Two days ago I received a last minute email early in the morning from my favorite non-profit group at the moment: PCRM. I was asked to come into their Washington DC office to help out. Since I am in love with this organization, I went straight away. So this was my task: to put together a bunch of petition letters to be send out to house of representative members, put them into envelops and labeled them with address stickers. My first reaction was a slight irritation at the idea of doing something so menial, I know that was what I expected but when I sat down to it, I couldn't help being annoyed.
Luckily my face didn't betray me and I proceeded to toil away in an unremarkable conference room without windows. For hours I assembled letters and petitions, and only half way into the monotonous work did I bother to read the letter itself. The letter was written to urge congress members to support and cosponsor a bill to put an end to animal testing in the military. Hold on a minute, I am all for that! Now I am not American and I have no idea how the system works here, even though I live near Washington DC for more than six years, I didn't acquired much interest in the workings of the government. So naturally I am somewhat naive.
"I hope these letters work." I said out of nowhere, breaking the silence. There were three of us volunteers and we were a quiet bunch. I secretly had a mind to kiss the letters before putting them into the envelops.
"I don't think they will." A fellow volunteer next to me said, he was in the process of arranging petitions from the concerned citizens of California. "The Congressman gets thousands of petitions from interest groups everyday, these are likely to be lost in the pile." He told me. But then he added, "But read some of these petitions, the point is it gives people a chance to speak up, and that's good enough for me."
Now this volunteer is a young guy, maybe in his mid twenties. He wore a Green Peace type shirt and he seemed to me an edgy sort, or just young and full of indignation at the world. I cannot blame him, so I chatted him up. In the past I may have ignored this guy the minute I got a hint of a diatribe coming my way, but I have since learned to judge a conversation by it's content and so I find him actually rather knowledgeable. I don't think he liked me very much though, or perhaps he is unable to drop his 'edge' for anyone, he talked to me like I was most definitely on his other side.
It was five o'clock when we headed out, time flies when the conversation is good. Now I had a long drive home to from Washington DC to Northern Virginia, and the traffic is horrendous during that hour, so I asked if there is a Barnes and Noble around to pass the time.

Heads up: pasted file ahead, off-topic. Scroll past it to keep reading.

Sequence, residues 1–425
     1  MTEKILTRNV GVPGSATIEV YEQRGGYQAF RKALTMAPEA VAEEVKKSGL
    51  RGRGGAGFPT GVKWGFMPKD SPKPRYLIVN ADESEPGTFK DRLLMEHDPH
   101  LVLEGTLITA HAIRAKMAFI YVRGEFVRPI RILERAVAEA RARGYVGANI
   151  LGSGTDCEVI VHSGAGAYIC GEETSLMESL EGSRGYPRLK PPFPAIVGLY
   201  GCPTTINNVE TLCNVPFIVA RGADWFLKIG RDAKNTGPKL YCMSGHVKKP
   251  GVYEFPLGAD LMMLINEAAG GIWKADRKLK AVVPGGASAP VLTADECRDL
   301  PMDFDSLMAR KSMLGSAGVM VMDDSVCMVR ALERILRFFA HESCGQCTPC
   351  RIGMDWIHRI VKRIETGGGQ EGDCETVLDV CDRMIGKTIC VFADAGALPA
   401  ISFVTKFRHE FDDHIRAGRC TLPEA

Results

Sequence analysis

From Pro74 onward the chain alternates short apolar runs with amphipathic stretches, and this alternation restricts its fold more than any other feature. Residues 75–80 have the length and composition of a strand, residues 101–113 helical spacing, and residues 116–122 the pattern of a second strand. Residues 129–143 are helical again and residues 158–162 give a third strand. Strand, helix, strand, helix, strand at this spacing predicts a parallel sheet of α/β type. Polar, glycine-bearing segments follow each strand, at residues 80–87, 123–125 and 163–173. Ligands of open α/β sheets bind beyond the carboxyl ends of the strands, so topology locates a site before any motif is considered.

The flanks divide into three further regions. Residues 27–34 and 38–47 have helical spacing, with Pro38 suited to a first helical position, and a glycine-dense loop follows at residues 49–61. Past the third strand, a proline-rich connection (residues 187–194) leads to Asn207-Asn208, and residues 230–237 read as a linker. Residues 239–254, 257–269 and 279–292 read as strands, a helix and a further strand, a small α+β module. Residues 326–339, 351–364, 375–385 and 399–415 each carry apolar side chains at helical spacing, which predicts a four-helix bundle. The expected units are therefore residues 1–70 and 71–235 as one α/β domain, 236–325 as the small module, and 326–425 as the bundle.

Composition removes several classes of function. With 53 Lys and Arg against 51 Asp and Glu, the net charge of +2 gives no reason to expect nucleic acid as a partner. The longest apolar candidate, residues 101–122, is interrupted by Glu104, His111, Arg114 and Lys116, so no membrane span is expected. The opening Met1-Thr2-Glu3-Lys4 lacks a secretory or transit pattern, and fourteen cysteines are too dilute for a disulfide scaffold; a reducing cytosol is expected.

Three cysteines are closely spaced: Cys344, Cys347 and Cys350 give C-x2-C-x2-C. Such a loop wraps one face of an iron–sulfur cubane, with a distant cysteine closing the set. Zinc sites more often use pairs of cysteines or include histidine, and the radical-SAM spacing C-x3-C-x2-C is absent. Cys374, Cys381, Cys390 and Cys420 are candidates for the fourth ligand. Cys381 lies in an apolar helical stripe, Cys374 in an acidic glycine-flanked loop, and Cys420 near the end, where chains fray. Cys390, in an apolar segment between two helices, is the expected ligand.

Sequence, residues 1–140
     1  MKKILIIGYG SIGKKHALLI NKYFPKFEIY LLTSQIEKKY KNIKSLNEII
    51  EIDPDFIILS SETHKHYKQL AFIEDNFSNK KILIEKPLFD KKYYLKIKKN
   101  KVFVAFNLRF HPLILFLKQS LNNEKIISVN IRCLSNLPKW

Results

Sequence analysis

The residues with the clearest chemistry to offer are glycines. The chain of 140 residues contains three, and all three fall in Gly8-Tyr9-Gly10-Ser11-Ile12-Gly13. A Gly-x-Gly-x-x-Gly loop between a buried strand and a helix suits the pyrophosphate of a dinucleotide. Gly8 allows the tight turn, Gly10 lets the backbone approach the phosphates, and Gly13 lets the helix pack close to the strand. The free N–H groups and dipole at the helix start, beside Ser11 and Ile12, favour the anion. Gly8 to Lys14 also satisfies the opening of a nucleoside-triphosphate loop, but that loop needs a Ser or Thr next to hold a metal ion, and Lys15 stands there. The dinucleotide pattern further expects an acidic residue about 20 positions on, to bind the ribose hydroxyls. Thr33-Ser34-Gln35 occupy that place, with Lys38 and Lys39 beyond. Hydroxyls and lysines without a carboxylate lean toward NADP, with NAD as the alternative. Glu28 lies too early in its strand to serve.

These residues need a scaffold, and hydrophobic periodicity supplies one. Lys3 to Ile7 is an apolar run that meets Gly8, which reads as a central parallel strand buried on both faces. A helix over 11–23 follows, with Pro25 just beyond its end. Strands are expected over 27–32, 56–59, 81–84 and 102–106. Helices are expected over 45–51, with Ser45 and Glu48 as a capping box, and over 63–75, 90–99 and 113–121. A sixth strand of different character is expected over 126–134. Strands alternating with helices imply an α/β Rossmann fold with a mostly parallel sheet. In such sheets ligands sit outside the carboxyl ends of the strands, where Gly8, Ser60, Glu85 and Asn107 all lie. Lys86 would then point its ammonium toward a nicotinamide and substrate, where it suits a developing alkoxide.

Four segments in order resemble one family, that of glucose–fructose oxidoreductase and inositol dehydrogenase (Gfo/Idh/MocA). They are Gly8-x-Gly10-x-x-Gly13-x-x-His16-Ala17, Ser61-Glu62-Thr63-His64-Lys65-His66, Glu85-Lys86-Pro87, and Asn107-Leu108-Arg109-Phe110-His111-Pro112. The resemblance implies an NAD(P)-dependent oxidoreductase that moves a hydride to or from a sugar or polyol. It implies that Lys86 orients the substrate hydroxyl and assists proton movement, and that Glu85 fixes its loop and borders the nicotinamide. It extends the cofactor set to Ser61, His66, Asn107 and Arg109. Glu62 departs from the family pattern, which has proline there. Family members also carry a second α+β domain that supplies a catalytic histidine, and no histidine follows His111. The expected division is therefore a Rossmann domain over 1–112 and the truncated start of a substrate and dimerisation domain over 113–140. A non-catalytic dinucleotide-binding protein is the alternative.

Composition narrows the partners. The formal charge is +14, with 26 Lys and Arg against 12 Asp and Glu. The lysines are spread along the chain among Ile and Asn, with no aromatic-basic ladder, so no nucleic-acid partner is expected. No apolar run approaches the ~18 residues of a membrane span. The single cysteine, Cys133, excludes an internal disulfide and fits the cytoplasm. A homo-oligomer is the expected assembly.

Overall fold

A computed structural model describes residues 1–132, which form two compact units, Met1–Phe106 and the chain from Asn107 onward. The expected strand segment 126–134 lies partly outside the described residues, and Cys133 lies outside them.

"Oh, have you heard of Politics and Prose? It is real close by here, it is an independent bookstore and they have a talk there every night." The PCRM lady suggested. I thought I caught a disapproving grin from the young volunteer when I mentioned Barnes and Nobel, somehow I didn't think he was too tolerant towards big corporations. On second thought, it isn't so bad to visit a more local place, so I resolved on going to Politics and Prose.
As I left PCRM I wandered the classy neighborhoods near the office, which was just south of the Friendship Heights metro station. The houses in the area are like from the picture books, with Halloween decorations perfectly displayed against the backdrops of fall colors which made the place looked like an outdoors theater set. I always thought that there is a great difference in mentality between those with old money and people with newly acquired wealth, and one can generally tell by their gardens. I live in the suburbs in Virginia, and the landscaping of the McMansions in my neighborhoods are invariably hideous and artificially manicured. Not like the elegance of these properties, where both nature and house enhances the beauty of the other, I meandered through small streets to admire as much as I could before sunlight faded.
When I arrived at the bookstore, I was just in time for the night's talk given by a Jewish friction writer Myla Goldberg. I didn't know anything about her beforehand, and I have never been to a reading before, but I love literature so I was intrigued. She started off by declaring that the adage "I think, therefore I am" as inaccurate, but instead that "we are what we remember." I like that, it is a provoking thought and it raises a lot of questions, the sort of reflection writers love.
I looked around the audience and I saw many well-to-do couples, they formed the exact picture of a Jewish literary crowd in my mind. I was the only outsider I think, and I enjoy that. Being an outsider is a healthful thing sometimes, simply being there made me feel like I have discovered something precious. And as Ms. Goldberg read her story, I thought about how different was this day compared to my days in the company when I hid inside a cubicle, an isolated entity among rows and rows of similar cubicles. I may not have made any lasting connections in my day of sorting letters and attending a reading, but I think that in the end it was a fruitful day, one I longed to experience for years.